The news that the billionaire New York art dealers David Nahmad and his son Helly were being sued for the return of a 1918 work by Modigliani allegedly looted by the Nazis made it to the British and American tabloid press in November. Now, in a legal twist, lawyers acting on behalf of the Nahmad family say that the case is unfounded because the Manhattan-based Helly Nahmad Gallery does not own the work.
In court papers, the Nahmads’ legal team says instead that an organisation called the International Art Center (IAC) possesses the piece and that “Helly Nahmad Gallery never owned the painting [which] is not in New York State… the plaintiff has sued the wrong defendant.” But lawyers for Philippe Maestracci, who is claiming Modigliani’s Seated Man with a Cane, contend that the “International Art Center is an offshore entity used by the Nahmad defendants as an instrumentality to hold their interests in works, around 90% of which are held in an art storage facility at the free port of Geneva.” They add that the art centre’s holdings are estimated at between $3bn and $4bn.
Maestracci says that the Modigliani was owned by his grandfather, Oscar Stettiner, who ran a gallery in Paris. In 1939, Stettiner fled Paris without the work; in July 1944, Marcel Philippon, who was appointed by the Nazis to sell Stettiner’s property, sold the painting. Maestracci says that he made repeated requests to the Nahmad gallery to return the piece, but received no reply.
The Nahmads bought the work at Christie’s, London, in June 1996 for $3.2m, according to the online publication Artnet. However, the court papers state: “The International Art Center purchased the painting… the painting has been openly and publicly exhibited at various museums and galleries throughout the world since 1996, when the IAC acquired ownership.” Christie’s catalogue entry states that it had previously belonged to the Paris collector Roger Dutilleul and was later sold to J. Livengood, also in Paris, around 1940 to 1945. The provenance did not indicate spoliation.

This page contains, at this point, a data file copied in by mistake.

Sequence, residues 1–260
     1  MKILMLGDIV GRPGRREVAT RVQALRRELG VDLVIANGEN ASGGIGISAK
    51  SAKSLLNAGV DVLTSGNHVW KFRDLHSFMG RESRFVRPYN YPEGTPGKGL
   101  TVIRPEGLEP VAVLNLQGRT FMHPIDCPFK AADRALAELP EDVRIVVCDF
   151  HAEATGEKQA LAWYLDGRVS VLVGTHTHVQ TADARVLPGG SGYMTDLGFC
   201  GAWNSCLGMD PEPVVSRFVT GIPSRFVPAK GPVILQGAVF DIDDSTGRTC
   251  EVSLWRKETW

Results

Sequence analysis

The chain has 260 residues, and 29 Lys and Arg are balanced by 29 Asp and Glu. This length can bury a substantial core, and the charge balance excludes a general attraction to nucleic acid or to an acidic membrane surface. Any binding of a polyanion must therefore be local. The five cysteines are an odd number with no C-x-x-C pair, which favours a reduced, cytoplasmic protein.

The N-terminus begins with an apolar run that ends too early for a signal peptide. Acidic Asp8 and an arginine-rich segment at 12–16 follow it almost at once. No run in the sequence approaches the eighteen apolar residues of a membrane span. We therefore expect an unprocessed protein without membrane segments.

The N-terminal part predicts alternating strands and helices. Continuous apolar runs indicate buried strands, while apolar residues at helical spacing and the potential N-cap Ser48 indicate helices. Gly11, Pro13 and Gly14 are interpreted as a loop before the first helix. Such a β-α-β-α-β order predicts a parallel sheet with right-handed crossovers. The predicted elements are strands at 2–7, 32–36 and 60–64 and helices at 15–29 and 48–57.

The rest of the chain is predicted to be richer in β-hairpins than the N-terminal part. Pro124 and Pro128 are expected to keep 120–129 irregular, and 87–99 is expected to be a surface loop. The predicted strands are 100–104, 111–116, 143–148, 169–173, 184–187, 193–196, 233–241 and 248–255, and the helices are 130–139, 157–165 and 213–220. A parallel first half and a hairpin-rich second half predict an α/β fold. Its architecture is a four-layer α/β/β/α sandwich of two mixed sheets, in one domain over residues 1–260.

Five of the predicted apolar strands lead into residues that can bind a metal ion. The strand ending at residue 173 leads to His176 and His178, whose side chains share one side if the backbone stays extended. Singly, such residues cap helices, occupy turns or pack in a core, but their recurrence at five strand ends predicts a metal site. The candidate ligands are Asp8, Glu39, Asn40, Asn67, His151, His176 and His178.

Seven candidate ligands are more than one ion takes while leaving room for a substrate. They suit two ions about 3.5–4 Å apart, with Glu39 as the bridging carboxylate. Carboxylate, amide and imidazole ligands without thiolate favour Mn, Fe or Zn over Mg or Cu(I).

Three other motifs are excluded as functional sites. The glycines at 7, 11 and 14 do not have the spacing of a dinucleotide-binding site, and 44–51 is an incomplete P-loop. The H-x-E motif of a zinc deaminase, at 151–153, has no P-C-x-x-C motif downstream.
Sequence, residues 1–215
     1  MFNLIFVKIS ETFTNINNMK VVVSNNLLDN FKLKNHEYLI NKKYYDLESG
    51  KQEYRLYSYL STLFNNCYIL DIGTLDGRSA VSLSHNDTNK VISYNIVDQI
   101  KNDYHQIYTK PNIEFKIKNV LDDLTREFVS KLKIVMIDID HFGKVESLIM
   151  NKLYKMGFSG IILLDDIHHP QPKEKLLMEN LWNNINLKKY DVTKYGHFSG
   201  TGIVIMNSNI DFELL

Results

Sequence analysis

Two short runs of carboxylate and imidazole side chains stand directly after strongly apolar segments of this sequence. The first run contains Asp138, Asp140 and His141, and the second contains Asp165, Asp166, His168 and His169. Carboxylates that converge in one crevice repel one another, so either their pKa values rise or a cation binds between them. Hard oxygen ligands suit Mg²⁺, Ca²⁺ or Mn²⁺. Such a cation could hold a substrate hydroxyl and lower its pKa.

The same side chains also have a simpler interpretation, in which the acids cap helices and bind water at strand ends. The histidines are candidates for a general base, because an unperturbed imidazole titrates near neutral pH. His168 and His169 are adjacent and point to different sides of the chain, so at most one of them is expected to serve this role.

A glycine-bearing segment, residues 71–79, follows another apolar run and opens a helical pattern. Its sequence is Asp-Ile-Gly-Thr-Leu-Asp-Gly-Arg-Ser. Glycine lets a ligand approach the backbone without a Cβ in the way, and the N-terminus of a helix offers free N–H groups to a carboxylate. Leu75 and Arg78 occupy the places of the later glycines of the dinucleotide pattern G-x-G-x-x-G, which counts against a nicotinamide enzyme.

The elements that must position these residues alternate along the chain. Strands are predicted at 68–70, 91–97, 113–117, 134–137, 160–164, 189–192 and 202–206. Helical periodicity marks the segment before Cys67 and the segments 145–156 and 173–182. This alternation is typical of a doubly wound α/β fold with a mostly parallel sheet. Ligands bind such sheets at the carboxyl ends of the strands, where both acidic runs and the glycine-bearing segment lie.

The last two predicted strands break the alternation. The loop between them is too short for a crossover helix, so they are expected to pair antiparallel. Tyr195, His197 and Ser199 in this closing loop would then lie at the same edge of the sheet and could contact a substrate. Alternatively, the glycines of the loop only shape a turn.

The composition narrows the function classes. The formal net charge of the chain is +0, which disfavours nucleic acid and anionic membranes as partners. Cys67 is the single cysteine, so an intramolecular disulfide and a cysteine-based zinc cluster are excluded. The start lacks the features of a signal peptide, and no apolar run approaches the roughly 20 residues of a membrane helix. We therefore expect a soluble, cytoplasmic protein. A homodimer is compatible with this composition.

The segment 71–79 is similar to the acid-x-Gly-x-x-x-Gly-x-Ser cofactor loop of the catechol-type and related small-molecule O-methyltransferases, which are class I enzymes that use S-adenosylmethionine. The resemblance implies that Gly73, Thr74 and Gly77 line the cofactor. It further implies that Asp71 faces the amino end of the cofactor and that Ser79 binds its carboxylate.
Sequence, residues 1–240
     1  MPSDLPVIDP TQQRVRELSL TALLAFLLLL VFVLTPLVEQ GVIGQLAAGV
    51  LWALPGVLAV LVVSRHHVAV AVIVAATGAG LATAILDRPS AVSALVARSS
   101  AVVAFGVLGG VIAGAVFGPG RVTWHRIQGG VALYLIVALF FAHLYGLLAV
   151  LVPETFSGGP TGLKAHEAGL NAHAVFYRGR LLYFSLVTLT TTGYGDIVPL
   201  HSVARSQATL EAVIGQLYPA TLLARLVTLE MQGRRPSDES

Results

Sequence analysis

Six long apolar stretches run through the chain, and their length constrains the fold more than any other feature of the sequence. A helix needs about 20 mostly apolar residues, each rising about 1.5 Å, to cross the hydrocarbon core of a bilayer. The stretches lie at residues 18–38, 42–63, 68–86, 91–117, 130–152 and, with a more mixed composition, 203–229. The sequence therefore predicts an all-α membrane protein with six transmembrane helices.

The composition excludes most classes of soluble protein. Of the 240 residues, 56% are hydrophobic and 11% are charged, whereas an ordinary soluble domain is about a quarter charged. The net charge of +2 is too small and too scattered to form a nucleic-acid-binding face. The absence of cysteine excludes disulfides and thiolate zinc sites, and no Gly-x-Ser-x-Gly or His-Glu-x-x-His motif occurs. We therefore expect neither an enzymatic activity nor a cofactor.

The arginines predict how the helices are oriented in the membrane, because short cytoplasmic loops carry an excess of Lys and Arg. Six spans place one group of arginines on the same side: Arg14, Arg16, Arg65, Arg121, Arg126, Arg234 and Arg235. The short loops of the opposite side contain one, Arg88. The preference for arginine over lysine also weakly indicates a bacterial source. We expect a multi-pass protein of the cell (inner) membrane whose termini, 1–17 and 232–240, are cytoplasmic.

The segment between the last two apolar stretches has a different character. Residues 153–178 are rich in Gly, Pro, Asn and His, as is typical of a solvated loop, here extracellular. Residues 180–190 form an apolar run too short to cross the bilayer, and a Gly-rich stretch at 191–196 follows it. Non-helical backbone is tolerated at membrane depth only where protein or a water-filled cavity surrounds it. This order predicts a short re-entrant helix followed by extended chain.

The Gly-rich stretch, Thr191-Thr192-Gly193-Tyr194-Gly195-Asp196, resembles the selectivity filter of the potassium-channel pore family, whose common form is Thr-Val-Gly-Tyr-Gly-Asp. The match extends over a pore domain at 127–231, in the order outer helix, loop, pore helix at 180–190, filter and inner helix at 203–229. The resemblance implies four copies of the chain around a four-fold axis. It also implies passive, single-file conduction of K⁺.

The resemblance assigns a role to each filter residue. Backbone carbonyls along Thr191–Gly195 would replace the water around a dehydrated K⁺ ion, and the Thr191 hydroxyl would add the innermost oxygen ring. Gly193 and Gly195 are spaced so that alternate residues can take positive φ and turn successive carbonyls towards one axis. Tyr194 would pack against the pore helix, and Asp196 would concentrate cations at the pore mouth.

When the work was consigned for sale at Sotheby’s, New York, in November 2008, its provenance was again described as coming from Livengood but, crucially, the entry also states that the work was shown at the 1930 Venice Biennale, where it was listed as number 35 in the catalogue and entitled Ritratto d’uomo (the 1996 Christie’s entry indexes the work as number 16 in the Venice catalogue). This alerted Maestracci, who says that the biennial information provided by Sotheby’s corresponded with his own historical knowledge of the work. The Modigliani was unsold at the 2008 auction.
Sotheby’s also noted that the provenance was “(possibly) Stettiner, Paris, by 1930”. The court reports state that “the painting was in New York when the Nahmad defendants learned that it had been stolen based on information supplied by Sotheby’s about the painting’s connections to Stettiner. After learning from Sotheby’s that the painting was stolen, the Nahmad defendants transported the painting to Switzerland.” Richard Golub, the Nahmads’ lawyer, called these claims “totally false”; Sotheby’s declined to comment.
In his court declaration, Helly Nahmad added that “the one and only occasion the painting was in [the gallery’s] possession was when it was loaned to [the gallery] for a Modigliani exhibition entitled ‘Modigliani: a Bohemian Myth’, which opened in November 2005.” Daisy Edelson, the senior vice-president of Sotheby’s impressionist and modern art department, also attests that Seated Man with a Cane was consigned by the International Art Center in Switzerland, and not by the Helly Nahmad Gallery, for the 2008 Sotheby’s auction.
Maestracci’s lawyers argue that the centre and the Nahmad gallery are one and the same organisation, stating in the court papers that the “IAC is controlled by Helly and David Nahmad.” Raymond Dowd of Dunnington Bartholow & Miller, representing Maestracci, says: “We will resist any attempt to move this [case] to Switzerland.” Golub says: “The court will decide that question, not Mr Dowd.”
Originally appeared in The Art Newspaper as 'We don’t own that Modigliani: the result of a Nazi loot'